Saturday, December 10, 2011

Critique Groups: 5 Lessons Learned

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Four of us from my writing, group, ARWA, created a critique group earlier this year.  We are on a temporary hiatus for December, so I thought this might be a good time to consider how things have gone so far. 

Quick Background: Our critique group has a fairly structured process and meeting.  We submit our pages via email on a particular date, usually a week before we meet.  Then, we read and mark up copies of the submissions.  The night of the meeting, we focus on one person's writing at a time.  Reviewers get the opportunity to say what they think.  Then we give the pages to the writer and move to the next person. 


Five Lessons I Have Learned
  1. Some people will like what I write.  Others will not.  Both sides can be vocal.  The positive comments are easy to accept, but learning how to deal with harsh criticism is probably a more valuable skill.  Sometimes the negative criticisms can expose a weak spot I need to address.  Other times I realize that the comment won't work for me and my vision, in which case I always have to remind myself that I can't please everyone.
  2. I always try to let my fellow writers know what I enjoyed about the writing and where I see their successes.  I don't just focus on where I think they need to improve.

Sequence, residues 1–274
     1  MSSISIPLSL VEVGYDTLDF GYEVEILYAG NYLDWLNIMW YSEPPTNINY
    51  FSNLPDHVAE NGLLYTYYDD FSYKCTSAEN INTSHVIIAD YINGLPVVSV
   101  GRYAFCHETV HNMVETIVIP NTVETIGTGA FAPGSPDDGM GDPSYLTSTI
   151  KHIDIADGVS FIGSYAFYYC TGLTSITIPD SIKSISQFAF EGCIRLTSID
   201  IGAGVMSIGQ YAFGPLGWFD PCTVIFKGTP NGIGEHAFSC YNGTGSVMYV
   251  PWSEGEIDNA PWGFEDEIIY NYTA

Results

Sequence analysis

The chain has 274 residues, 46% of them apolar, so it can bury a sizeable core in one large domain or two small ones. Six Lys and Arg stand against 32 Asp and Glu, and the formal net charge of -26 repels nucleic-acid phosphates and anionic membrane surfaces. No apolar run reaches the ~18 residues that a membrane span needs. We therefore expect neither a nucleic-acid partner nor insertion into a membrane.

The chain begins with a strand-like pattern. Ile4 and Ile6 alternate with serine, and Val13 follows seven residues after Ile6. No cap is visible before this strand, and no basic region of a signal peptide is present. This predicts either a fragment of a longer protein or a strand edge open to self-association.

3. Our group discusses opinions.  The writer can ask questions.  We didn't intend to do this, especially when some of the "how to do critique groups" articles specifically say not to talk, but we discovered it works for us.  If a couple of people have noted a particular passage as being awkward or difficult, we brainstorm ideas on how it could be adjusted.  We are flexible.  So, regardless of what someone else says are the "rules" - we do what makes sense for our group.
  4. In our group, we each seem to have a bit of a niche.  I like looking at the "big picture."  I need to know how this scene fits in with the other scenes (past and future).  Other people notice the nuances of language, character actions and reactions, or how moving one sentence from here to there makes the passage stronger.  We have found that our critiques are best when all of us can attend the meeting.  Now, we re-schedule if someone can't attend. 
  5. After our formal critique group meeting, some of us go for drinks and snacks in a different location.  We are more relaxed and can talk about ideas for future scenes and discuss some of our concerns.  It is a more fluid discussion. It helps us synthesize and explore the ideas.

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